Healthy Forests Provide Communities with Significant Environmental Benefits

On October 30, 2015, the Governor moved forward with plans to improve forest health and reduce the risk to rural communities by issuing his Emergency Declaration to address the unprecedented issue of tree mortality in California.  He cited more than 22 million trees that have already died due to the drought and we know there are millions more in severe stress, not to mention those that have died from wildfire.  Heading into our fourth year of extreme drought, our forests are filled with dry, dead trees that will promise to fuel future wildfires if not removed.

We agree with the Governor that the situation in our forests is dire and something must be done to remove all the excess fuel.

Thankfully, in California, the same problem of drought induced tree die-off presents us with an opportunity to improve the resiliency of our forests, protect rural communities from wildfire, and also provide co-benefits in the form of renewable energy.

There are three options to remove forest debris.  One, is the option of burning the piles of slash in the forest.  Two, is leaving it in the woods to decompose or fuel a wildfire – either way releasing greenhouse gases.  While the third, more beneficial option, includes utilizing the forest slash as bioenergy ‑‑ a process whereby the trees, limbs and woody debris is turned into wood chips and used to create steam that drives a turbine for renewable energy.  This biomass process provides us with the opportunity to make our communities safer, while also providing clean, renewable power for local homes.

According to a recent study conducted by the UC Berkeley Center for Forestry, this method actually reduces criteria and greenhouse gas pollutants from being released into the air by 98 percent when compared with burning the piles in the open.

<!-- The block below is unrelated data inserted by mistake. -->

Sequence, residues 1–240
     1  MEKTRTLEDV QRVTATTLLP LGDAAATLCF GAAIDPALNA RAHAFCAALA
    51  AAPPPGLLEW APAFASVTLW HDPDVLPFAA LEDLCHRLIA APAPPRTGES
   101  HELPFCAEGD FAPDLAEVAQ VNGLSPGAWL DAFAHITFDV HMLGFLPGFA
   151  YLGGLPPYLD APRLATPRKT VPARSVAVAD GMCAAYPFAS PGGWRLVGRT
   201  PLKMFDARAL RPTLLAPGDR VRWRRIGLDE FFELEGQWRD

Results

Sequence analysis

A new report, California Forest Products Industry and Timber Harvest 2012, shows some significant gains in the bioenergy sector.  In 2012, 26 bioenergy facilities used some type of wood fiber in its production of renewable energy ‑‑ producing 551 megawatts of electricity.  This is a significant increase from 66 megawatts in 2006.  To put that into perspective, that’s enough electricity to power 3.4 million homes for 1-2 months on clean power.

However, the UC Berkeley study also discusses current industry challenges which include the cost of production and transport being almost double the going market rate.  With more than 11 facilities at risk of shutting down and the uncertainty of renewing those contracts, it puts our best option of removal at risk.

At a time when there is broad consensus that we desperately need to remove and dispose of hazardous forest debris, we simply cannot afford to let those facilities close.  And, it’s incumbent upon the Governor to make it an economical option.

We have the opportunity to drive demand for the biomass energy sector as they work to level the playing field with other forms of renewable energy.  The time is right.  We have the means to remove millions of dying trees.  They have the capacity.  And the Governor is calling for action – action to meet his aggressive renewable energy goals and action to increase biomass capacity while making our communities safer from wildfire.

We’ve always maintained that California forests provide immense opportunities, and this is just one that can provide significant environmental co-benefits.